During the Second World War, ten complete strangers: ailing orchestra conductor David Davies (Esmond Knight), impending divorcees Jill (Valerie White) and Richard French (Richard Bird), their precocious daughter Joanna (Sally Ann Howes), wrongfully convicted jail releasee Captain Fortescu (Guy Middleton), black marketeer Oakley (Alfred Drayton), bereaved mother Alice Meadows (Françoise Rosay), her grumpy Naval husband Captain Harry Meadows (Tom Walls), and young lovers Margaret (Philippa Hiatt) and Terence (Pat McGrath) find shelter at a remote Welsh inn known as “The Halfway House” that was supposedly destroyed in a bombing raid. Though the inn seems solid enough, the guests are perplexed to discover its newspapers are all out of date and their hosts cast no shadows. Gradually, ghostly innkeeper Rhys and his daughter Gwyneth (real life father and daughter Mervyn Johns and Glynis Johns) guide each of the troubled visitors towards resolving their personal problems.
Adapted from a stage play by Denis Ogden, this curious offering from Ealing Studios comes from the creative team behind the later, masterful, ghost story anthology Dead of Night (1945), although Alberto Cavalcanti is listed only as producer. Calling the shots was Ealing stalwart Basil Dearden, who made more films for the iconic British studio than any of his peers. Better known for dramatic thrillers like The League of Gentlemen (1960) and the groundbreaking Victim (1961), Dearden had a brace of fantastical films to his credit, e.g. The Mind Benders (1963), The Man Who Haunted Himself (1970) and the underrated romp The Assassination Bureau (1969), but rather lacked the lightness of touch that characterises the best of the genre. Consequently, The Halfway House veers from heavy-handed metaphysical drama to tonally uncertain shifts into strained slapstick (e.g. Alice stumbles on Richard spanking Jill in the bathroom!) and flag-waving patriotism.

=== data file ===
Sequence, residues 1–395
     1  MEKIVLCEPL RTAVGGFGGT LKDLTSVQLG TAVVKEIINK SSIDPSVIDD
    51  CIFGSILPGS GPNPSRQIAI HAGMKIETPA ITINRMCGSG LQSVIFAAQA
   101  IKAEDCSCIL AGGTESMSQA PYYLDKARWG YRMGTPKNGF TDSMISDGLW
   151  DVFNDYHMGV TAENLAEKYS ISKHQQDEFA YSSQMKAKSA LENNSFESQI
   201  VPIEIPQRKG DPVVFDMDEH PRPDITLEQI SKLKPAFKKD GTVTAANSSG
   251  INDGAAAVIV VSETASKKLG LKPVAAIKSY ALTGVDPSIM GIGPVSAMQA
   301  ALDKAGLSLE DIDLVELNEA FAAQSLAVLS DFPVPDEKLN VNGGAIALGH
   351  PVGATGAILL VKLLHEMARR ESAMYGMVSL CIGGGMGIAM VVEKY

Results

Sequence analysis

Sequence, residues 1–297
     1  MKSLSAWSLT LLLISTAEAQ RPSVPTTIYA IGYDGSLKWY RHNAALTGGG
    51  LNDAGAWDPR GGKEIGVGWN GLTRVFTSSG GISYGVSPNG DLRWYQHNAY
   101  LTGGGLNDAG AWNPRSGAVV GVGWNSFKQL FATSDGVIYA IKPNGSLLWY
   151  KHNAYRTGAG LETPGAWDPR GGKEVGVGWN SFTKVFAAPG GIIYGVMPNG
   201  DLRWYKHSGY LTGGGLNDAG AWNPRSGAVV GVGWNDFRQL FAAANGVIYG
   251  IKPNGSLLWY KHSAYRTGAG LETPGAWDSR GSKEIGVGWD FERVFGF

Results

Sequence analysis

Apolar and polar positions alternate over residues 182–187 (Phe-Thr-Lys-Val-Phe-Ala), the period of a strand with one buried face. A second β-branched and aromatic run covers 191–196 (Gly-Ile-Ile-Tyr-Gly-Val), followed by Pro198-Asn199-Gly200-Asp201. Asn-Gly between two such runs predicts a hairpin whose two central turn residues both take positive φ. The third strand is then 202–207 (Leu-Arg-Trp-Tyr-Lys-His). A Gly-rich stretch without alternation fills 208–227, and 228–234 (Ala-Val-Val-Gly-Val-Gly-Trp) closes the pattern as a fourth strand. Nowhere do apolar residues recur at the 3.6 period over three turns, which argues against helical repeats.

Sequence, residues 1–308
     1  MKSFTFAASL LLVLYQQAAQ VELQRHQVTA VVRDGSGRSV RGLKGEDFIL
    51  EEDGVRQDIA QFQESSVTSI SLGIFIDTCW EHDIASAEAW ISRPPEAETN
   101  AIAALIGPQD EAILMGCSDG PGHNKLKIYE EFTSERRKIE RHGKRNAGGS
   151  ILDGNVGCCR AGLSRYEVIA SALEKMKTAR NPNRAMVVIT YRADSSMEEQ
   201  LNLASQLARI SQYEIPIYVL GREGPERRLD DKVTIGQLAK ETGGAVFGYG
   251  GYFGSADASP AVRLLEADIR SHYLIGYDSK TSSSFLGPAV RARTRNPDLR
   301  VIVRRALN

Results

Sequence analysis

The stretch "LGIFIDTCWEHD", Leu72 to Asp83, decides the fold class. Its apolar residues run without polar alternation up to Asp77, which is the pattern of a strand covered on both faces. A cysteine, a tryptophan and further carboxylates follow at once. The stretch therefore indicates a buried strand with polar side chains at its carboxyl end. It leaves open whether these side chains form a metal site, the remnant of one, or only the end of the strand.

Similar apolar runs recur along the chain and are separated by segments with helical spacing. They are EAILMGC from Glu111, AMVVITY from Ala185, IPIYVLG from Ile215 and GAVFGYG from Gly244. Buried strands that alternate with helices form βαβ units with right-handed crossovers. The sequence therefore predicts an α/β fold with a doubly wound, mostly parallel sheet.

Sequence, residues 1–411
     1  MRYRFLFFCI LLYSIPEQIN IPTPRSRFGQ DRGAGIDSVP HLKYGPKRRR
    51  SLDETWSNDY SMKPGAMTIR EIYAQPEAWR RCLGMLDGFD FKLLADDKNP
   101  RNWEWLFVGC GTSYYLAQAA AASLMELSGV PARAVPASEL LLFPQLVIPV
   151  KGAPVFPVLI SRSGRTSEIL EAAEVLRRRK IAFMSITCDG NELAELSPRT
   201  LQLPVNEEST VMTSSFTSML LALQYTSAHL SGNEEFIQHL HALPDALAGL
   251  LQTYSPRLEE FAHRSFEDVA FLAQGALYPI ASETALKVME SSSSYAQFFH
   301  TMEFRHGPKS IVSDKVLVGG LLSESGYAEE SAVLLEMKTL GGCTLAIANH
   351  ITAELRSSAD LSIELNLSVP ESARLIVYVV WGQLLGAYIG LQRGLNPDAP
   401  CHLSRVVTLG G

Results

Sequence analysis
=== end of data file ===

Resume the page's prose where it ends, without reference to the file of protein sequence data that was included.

The underlining message is that in light of the troubled state of the world and the suffering of so many as a result of the war, these characters need to get a proper sense of perspective. Or as Rhys puts it poetically: “The world is what you make it. For your lives make up the world.” Which is a fair point except the personal problems herein range from genuinely compelling (Alice and Harry lost their son when his ship was torpedoed) to not-very-interesting (Margaret is aghast to learn Irishman Terence does not think Germans are all that bad) and frankly rather nebulous (what was Fortescu in jail for?). David’s fear over his imminent death would be a lot more compelling if not for the strangely stilted performance given by Esmond Knight. Oakley’s exploitation of war victims is a suitably odious crime, but the conclusion stretches credibility by implying he is ready to turn himself in.
On the whole Dearden proves unable to make the material transcend its stage origins, but a few poetic touches impart a dreamy atmosphere. Of the players, French star Françoise Rosay (“in her first British film” as the credits announce) imbues her bereaved mother with great poignancy and, even though her subplot ranks among the weakest, fourteen year old Sally Ann Howes - later Truly Scrumptious in Chitty Chitty Bang Bang (1968) - is another winning presence (“Mummy, if I die, I want you to have my stamp collection”).